Picture: scientists identify first known single-fingered dinosaur
(01/25/2011) Paleontologists working in China have discovered a first for dinosaurs: a species with only one finger. Named Linhenykus monodactylus, the extinct species stood only about two feet high and weighed about as much as a large parrot. Although small, the new dinosaur was a member of the carnivorous therapod dinosaurs, which include the infamous Tyrannosaurus Rex. The find was announced in the Proceedings of the National Academy of Sciences.
Eight rangers, soldiers killed in Virunga National Park
(01/25/2011) Yesterday morning, 3 wildlife rangers and 5 soldiers working in Virunga National Park were killed by the rebel group Democratic Forces for the Liberation of Rwanda (FDLR). These 8 were killed and 3 more wounded when their vehicle was fired on by FDLR rebels with rocket launchers. Park director Emmanuel de Merode told the AFP that it was the most serious incident to occur in Virunga National Park in the past 12 months.
Indonesia grants slew of last-minute logging concessions on eve of moratorium
(01/25/2011) Indonesia's Minister of Forestry granted nearly 3 million hectares of plantation forestry concessions the day before the country's president was due to sign a decree establishing a two-year moratorium on new logging licenses, reports a new analysis by Greenomics, an Indonesian environmental group.
Carbon criminals make off with $38 million in carbon credits heist
(01/25/2011) Cyberthieves who hacked the Czech carbon registry on Tuesday had intimate knowledge of different registries. They acted just days before a key security upgrade would have made the heist impossible, then sold the credits immediately – keeping the cash and letting the credits bounce around the system. Participants are now bracing for a fight over who will bear the loss.
Chinese citizen caught smuggling ivory from the Republic of Congo
(01/24/2011) A Chinese national was caught attempting to smuggle 22 pounds (10 kilos) of ivory out of the Republic of Congo on Saturday, according to the AFP. Officials confiscated five elephant tusks, 80 ivory chopsticks, 3 ivory carvings, and a number of smaller ivory-made items.
To succeed, REDD should consider factors outside forest sector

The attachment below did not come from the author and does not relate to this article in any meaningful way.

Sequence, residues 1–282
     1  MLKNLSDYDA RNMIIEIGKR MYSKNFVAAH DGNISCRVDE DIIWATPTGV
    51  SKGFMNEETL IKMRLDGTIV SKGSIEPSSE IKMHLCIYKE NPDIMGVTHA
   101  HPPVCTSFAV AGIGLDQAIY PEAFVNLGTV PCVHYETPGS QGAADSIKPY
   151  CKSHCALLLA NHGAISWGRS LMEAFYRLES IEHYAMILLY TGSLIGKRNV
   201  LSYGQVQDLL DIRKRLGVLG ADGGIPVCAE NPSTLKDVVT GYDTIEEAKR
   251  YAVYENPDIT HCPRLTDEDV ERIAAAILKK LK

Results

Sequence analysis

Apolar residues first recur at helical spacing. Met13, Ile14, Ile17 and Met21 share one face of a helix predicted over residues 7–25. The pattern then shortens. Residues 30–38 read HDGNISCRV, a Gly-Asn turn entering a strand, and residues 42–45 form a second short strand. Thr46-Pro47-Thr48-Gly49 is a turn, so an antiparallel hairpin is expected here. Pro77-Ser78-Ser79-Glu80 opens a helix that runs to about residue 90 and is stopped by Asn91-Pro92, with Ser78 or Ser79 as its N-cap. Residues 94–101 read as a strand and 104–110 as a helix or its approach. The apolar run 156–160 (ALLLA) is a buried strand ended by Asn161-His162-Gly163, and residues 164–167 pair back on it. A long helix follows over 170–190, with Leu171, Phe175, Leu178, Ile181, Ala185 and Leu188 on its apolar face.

(01/24/2011) Policymakers should not ignore activities outside the forestry sector in efforts to reduce global deforestation, argues a new report published by the International Union of Forest Research Organizations (IUFRO).
95% of Liberia's elephants killed by poachers
(01/24/2011) Since the 1980s, Liberia has lost 19,000 elephants to illegal poaching, according to Patrick Omondi of the Kenya Wildlife Service speaking in Monrovia, the capital of Liberia. The poaching of Liberia's elephants has cut the population by 95% leaving only 1,000 elephants remaining.
Greenland melt is the worst yet
(01/24/2011) Melting of the Greenland ice sheet was the most extreme yet in 2010, beating the previous melt record from 2007. This continues a long-term trend whereby melting in Greenland has increased on average 17,000 square kilometers every year since 1979.
Asia's last lions lose conservation funds to tigers
(01/24/2011) The last lions of Asia and the final survivors of the Asiatic lion subspecies (Panthera leo persica) are losing their federal conservation funding to tiger programs, reports the Indian media agency Daily News & Analysis (DNA). While the Asiatic lion once roamed Central Asia, the Middle East, and even Eastern Europe, today the subspecies survives only in India's Gir Forest National Park in the north-western state of Gujarat.
Updating the top 100 weirdest and most imperiled mammals
(01/24/2011) A lot can change in three years. In January 2007, the Zoological Society of London (ZSL) jumpstarted a program unique in the conservation world: EDGE, which stands for Evolutionarily Distinct and Globally Endangered, selects the species it works with not based on popularity or fund-raising potential but on how endangered and evolutionary unique (in laymen's terms: weird) they are. When EDGE first arrived in 2007, it made news with its announcement of the world's top 100 most unique and endangered mammals. While this list included a number of well-known species—such as the blue whale and the Asian elephant—it also introduced the public to many little-recognized mammals that share our planet, such as the adorable long-eared jerboa, the ancient poisonous solenodon, and the ET-like aye-aye. However, after three years the EDGE program found that their top 100 mammals list already need updating.
Cocaine production killing Colombia's rainforests
(01/24/2011) Researchers have found that coca cultivation is associated with high rates of forest loss, at least in the southern forests of Colombia. According to a new paper just published in Environmental Science and Technology, areas near new coca plots are significantly more likely to suffer from forest loss. Politicians, environmental groups, and others have long attributed deforestation to coca production. But these researchers are the first to quantity the effect of coca cultivation while controlling for other factors.
Marathon swimmer: an interview with the first man to swim the length of the Amazon